What are the Environmental Protection (Noise) Regulations 1997?

    The Environmental Protection (Noise) Regulations 1997 are the state laws that administer and control environmental noise. Environmental noise sources include transport, industry and neighbourhood activities such as air conditioning units, construction, musical instruments and radios/stereos. It is local government who is generally responsible for ensuring compliance and enforcement with the noise regulations.

    The regulations contain 'prescribed standards' for noise, including allowable decibel levels at a receiver (known as assigned noise levels) and control of certain 'annoying' characteristics, for example tonality. They take into account the land use (commercial/industrial) and major and secondary roads surrounding the noise receiver. 

    There are several special case regulations which cover activities that are generally of a temporary nature and/or perceived community benefit. These are exempt from complying with the prescribed standards and instead must comply with specific requirements in the regulations. They include approved public events (regulation 18) and approved venues (regulation 19B).

    What is regulation 19B?

    Prior to 2013, venue occupiers could only apply to a local government for an event approval under regulation 18. The CEO of a local government can only issue two regulation 18 approvals at a venue in any consecutive twelve month period, and each event requires a separate application and approval.

    Regulation 18 approvals work well for one-off events, however the process is onerous for both venue occupiers and local government. WA has also seen an increasing number of entertainment events being held in recent years. 

    The Environmental Protection (Noise) Regulations 1997 were amended in 2013 after significant consultation with local governments, key industry stakeholders and community members to introduce a specific regulation to manage major event venues (regulation 19B). 

    Regulation 19B provides an approval process for major venues such as Optus Stadium that hold large events on a regular basis throughout the year. The occupier of a venue may apply for approval to host a specific number and type of 'notifiable events'.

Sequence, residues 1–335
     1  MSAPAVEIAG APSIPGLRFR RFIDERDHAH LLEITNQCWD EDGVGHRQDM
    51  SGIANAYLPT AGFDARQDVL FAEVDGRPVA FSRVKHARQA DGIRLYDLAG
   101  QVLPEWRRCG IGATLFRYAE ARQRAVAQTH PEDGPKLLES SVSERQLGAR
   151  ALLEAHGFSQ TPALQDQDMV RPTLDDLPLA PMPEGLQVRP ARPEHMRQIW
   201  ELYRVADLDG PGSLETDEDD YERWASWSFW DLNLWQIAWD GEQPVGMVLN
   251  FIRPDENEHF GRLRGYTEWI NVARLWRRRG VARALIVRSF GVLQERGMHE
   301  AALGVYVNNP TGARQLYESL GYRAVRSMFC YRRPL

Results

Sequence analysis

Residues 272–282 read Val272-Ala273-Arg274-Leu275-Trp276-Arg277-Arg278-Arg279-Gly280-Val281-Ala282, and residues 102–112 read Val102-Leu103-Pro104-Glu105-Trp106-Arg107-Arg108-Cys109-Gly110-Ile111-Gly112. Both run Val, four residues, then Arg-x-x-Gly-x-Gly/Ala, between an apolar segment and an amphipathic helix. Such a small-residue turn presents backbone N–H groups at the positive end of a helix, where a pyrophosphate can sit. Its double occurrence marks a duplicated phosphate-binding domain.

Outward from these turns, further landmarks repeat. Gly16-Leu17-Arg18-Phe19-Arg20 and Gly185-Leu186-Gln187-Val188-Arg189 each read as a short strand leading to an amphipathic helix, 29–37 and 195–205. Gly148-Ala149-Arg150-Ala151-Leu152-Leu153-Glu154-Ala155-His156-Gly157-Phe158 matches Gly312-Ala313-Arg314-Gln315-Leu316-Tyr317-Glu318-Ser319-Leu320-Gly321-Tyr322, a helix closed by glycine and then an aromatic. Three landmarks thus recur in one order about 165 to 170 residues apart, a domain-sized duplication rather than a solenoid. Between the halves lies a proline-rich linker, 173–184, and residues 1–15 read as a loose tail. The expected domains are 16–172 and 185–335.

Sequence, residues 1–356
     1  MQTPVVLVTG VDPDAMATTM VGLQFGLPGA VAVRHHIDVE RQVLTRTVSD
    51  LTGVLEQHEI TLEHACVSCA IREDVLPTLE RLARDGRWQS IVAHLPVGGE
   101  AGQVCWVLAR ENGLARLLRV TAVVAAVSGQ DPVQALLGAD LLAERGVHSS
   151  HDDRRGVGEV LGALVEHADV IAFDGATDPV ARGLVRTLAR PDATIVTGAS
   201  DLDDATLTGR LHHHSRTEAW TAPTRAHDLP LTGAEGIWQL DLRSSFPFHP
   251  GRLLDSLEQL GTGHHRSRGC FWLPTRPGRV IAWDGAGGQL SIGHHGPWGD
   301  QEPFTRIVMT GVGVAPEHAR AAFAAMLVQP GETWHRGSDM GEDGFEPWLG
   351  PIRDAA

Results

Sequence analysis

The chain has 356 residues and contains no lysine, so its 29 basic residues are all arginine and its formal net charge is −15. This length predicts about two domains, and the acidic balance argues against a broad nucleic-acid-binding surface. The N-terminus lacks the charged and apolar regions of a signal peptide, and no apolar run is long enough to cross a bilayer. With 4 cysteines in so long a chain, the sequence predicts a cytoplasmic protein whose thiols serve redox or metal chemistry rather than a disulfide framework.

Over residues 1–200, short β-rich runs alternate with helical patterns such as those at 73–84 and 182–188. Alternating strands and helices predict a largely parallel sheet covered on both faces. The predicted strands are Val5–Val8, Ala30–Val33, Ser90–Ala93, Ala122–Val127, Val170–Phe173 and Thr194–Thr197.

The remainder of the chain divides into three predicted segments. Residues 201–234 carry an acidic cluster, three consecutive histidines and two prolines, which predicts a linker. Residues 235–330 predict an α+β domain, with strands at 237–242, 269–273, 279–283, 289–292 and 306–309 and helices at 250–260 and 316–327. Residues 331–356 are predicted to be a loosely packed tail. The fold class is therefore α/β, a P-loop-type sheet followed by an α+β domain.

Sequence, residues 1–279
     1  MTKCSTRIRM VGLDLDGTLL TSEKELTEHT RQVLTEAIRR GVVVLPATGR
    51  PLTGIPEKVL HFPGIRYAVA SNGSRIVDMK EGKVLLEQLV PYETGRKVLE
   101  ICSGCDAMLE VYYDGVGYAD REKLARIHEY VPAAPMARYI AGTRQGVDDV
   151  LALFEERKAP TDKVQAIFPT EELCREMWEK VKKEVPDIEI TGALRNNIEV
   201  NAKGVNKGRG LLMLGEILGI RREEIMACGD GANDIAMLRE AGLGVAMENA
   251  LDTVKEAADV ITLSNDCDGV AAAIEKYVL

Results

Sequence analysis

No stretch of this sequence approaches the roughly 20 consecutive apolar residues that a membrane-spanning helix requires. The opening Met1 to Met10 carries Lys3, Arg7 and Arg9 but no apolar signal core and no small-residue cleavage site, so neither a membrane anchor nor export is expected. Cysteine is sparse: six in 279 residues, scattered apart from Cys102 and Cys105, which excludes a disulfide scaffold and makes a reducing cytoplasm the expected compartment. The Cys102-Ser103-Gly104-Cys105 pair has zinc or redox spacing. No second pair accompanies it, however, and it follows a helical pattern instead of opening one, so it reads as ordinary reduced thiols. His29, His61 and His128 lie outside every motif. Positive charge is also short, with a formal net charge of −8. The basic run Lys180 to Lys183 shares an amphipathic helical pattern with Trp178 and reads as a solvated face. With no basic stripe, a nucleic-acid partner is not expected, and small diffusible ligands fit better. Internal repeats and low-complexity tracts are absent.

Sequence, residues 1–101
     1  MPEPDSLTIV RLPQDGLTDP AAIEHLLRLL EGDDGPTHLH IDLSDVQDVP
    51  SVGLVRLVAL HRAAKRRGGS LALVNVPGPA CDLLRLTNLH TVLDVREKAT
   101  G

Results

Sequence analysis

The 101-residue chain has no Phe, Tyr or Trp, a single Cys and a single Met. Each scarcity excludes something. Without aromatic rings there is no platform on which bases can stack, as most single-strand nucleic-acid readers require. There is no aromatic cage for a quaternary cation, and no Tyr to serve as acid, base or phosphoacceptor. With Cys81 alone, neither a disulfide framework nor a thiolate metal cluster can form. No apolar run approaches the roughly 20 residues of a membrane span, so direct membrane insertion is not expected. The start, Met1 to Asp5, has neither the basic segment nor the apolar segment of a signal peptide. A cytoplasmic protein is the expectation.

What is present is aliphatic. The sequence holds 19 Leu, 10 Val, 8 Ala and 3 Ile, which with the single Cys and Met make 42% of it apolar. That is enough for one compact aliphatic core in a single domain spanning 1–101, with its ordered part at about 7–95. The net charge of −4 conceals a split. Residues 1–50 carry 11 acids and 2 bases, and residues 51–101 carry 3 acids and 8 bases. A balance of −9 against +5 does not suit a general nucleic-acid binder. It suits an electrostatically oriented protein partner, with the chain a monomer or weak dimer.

A venue approval will allow noise emissions from events to exceed the assigned noise levels stipulated in the regulations, provided events are carried out in accordance with the venue’s approval. 

    A regulation 19B venue approval provides fairness, certainty and protection for the community and local government as to what sorts of events they can expect from the venue, and also for the venue occupier as to the tenure for the viable operation of the venue.

    What types of conditions must a venue approval contain?

    As specified in the noise regulations, a venue approval must state:

    • the period of which the venue approval is valid
    • the maximum number and type of notifiable events
    • the start and finish times of notifiable events
    • the maximum duration of a notifiable event
    • the maximum allowable noise level of a notifiable event;
    • the manner in which occupiers affected by noise from a notifiable event at the venue are to be notified of the event (e.g. flyer/letter drop)
    • a complaint procedure
    • the manner in which community consultation is to be conducted by the applicant for approval of the venue (i.e. public consultation to inform an application for a venue approval or renewal of a venue approval to the local government).

    How have the venue approval conditions been drafted by the Town of Victoria Park?

    The Town’s Environmental Health Services have reviewed the venue operator’s application which included the requested event numbers, the community survey report by Patterson Research Group (used to justify the numbers of events, duration, start and finish times etc) and noise modelling for the different event types. The community survey and noise modelling can be viewed in the Document Library.

    The Town of Victoria Park has worked closely with the venue operator, the Department of Water and Environmental Regulation’s Noise Branch and surrounding local governments to draft the conditions. The aim was to ensure the community is protected as far as practicable, whilst still being fair to the venue operator. It also enables Perth city to attract major touring events.

    Who has the opportunity to provide comment?

    We are seeking comment from the following stakeholders:

    • occupiers within 1km of the venue (i.e. residents and businesses)
    • Chief Health Officer, Department of Health
    • Director of Liquor Licensing
    • surrounding local governments (in this case the City of Perth, City of Bayswater, City of Belmont and City of Vincent)

    How has this consultation been communicated to the public?

    All occupiers located within a 1km radius of Optus Stadium were advised of the consultation of the draft venue approval via a letter drop.

    What happens after the consultation period closes?

    The CEO will consider all submissions and can either approve, refuse or amend the venue approval conditions.

    If approved, the venue approval will then be published in the Government Gazette and the date of publication marks the start date of the three year approval period. 

    A person aggrieved by a decision (an appellable decision), such as the venue being approved, or a condition of the venue approval may lodge an appeal with the Minister. The appeal must be lodged within 21 days of publication of the venue approval in the Government Gazette. During this time the CEO's decision regarding the venue approval or conditions remains in place.